I have a Japanese chef knife done with SLD steel, which is also known as SKD11, hardened to HRC60. The knife gets sharper than any other knife I own and holds an edge for a very long time. The downside is that it is a bit chippy. There are numerous very small chips about 1/3 out from the handle. I ALWAYS use a proper cutting board, usually edge grain maple. Anyway I love the knife and it looks great. That said if I have to cut something like a rock hard squash I prefer to grab the victorinox chef knife ... softer steel and if I wreck it much cheaper to replace.
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    Spyderco Forum Registered User Evil D's Avatar
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    Quote Originally Posted by bdblue View Post
    Seems to me that a steel intended to be used as tool steel has to have a pretty good level of performance or else they would not be able to keep selling it. So tool steel should be reliable. Steels used just for knives can of course vary a lot. For instance basic "440" steel can be a real unknown. Steels such as "surgical stainless" can only be counted on to be sort of shiny metal.
    It really just depends on what the tool steel was designed to be good at doing. Some tool steels also have an edge, like an impact chisel while others need high wear resistance. Not all tool steels will hold an edge well enough to be suitable for a knife. Some only need to be very tough and not crack or chip.

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    Spyderco Forum Registered User phillipsted's Avatar
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    There is a good summary of the whole family of tool steels on Wikipedia.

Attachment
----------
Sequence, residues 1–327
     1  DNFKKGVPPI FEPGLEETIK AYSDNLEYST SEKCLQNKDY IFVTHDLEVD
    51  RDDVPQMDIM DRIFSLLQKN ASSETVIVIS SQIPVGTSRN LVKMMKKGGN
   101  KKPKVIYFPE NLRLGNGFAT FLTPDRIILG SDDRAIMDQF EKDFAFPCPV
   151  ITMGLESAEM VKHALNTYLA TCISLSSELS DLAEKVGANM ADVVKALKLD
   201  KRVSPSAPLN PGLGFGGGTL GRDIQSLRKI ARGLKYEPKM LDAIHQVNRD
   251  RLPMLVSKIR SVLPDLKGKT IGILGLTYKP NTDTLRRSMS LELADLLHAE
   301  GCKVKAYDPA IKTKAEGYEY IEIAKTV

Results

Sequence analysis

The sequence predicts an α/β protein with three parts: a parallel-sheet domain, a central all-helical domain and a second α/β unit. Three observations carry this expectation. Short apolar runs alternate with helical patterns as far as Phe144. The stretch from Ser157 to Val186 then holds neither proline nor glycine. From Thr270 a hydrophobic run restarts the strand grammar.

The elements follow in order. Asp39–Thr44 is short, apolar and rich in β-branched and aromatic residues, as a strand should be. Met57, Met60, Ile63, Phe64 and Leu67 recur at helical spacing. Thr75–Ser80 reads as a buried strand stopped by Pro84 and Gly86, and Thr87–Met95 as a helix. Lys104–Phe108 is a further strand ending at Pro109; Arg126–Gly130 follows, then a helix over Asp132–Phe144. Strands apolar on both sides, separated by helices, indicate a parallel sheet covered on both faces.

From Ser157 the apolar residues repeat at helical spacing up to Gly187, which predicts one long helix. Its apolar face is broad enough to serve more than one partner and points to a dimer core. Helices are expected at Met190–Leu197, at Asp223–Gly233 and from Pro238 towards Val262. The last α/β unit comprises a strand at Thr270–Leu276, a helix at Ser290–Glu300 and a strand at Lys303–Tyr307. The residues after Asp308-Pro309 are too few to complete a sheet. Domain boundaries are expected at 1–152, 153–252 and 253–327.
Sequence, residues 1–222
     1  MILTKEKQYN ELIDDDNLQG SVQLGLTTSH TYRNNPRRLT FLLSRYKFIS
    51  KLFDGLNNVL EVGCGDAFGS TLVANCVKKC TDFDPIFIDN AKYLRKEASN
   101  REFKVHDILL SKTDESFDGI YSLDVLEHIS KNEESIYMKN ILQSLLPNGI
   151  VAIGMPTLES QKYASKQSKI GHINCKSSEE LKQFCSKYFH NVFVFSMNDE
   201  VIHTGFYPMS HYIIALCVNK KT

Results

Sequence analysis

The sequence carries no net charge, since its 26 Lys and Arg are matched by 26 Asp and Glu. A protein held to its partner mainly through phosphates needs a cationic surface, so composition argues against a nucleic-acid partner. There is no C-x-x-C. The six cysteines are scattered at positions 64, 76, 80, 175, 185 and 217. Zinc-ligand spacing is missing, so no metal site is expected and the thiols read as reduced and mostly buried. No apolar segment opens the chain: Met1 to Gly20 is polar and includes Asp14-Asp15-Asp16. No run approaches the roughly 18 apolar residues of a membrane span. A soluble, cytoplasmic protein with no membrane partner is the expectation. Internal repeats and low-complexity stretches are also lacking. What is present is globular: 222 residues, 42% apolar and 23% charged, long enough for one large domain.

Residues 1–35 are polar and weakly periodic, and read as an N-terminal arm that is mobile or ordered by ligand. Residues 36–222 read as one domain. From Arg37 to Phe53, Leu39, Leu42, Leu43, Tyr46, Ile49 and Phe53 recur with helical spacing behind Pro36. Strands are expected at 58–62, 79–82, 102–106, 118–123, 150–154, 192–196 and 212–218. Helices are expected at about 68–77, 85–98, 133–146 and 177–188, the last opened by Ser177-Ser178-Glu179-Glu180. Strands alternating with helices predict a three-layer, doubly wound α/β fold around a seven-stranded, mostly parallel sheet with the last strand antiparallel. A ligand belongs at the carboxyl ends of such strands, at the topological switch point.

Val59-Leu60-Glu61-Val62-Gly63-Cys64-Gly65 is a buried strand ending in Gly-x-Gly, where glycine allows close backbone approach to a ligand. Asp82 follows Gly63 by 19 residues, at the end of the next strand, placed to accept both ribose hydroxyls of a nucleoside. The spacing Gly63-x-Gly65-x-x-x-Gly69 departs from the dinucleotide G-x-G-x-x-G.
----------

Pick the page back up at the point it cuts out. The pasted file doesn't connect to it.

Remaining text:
Tool steels are usually developed for particular characteristics needed for the tools they are intended - "S" steels are shock resistant and used in jackhammer bits, for instance. "T" and "M" types are high-speed steels (HSS) and were developed to retain their strength and hardness at high operating temperatures found in high-speed machining operations.

    Cool stuff.

    TedP

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    Spyderco Forum Registered User wrdwrght's Avatar
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    Quote Originally Posted by phillipsted View Post
    There is a good summary of the whole family of tool steels on Wikipedia.
    Just read this helpful article (as well as its Heat Treating link) yesterday. Surprised to learn that H1 is a tool steel; I have thought it was a powder steel since I got my DF2 Salt a few years ago. Need to steal it back from my wife.
    Marc

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    Spyderco Forum Registered User earthman's Avatar
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    Quote Originally Posted by David Lowry View Post
    I've had M2, M4, and D2 and I love them all. Tool steel kicks butt, not only because it's tool steel but because it seems to last forever and take a crazy insane edge. I gained an amazing respect for how hard certain steels are by trying to drill them. I own high speed bits that will cut stainless and regular steel, needless to say, they won't touch tool steel. They just make the tool steel angry.

    The D2 that I owned (Spyderco D2) takes an edge better than the M2 or M4 that I have had experience with. I've had M2 from Benchmade and M4 from Spyderco. Both were great. They get really "bitey" as far as the edge goes.
    I found the same problem when trying to drill a hole in a finished hardened blade, the only bit that did the job was a carbide one.

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    Spyderco Forum Registered User ginsuwarrior's Avatar
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    I've been impressed with the A2 as offered by Bark River, keeps an edge and seems to be resistant enough to corrosion. Even though I like 1095 (mostly from Kabar), I can watch it develop rust before my eyes while processing animals (blood), so you just have to wipe it down every 1/2 hour or so. Great steel though, can handle some abuse but easy to sharpen too. 3V (now also offered by Bark River) also good, seems to be quite resistant to corrosion too.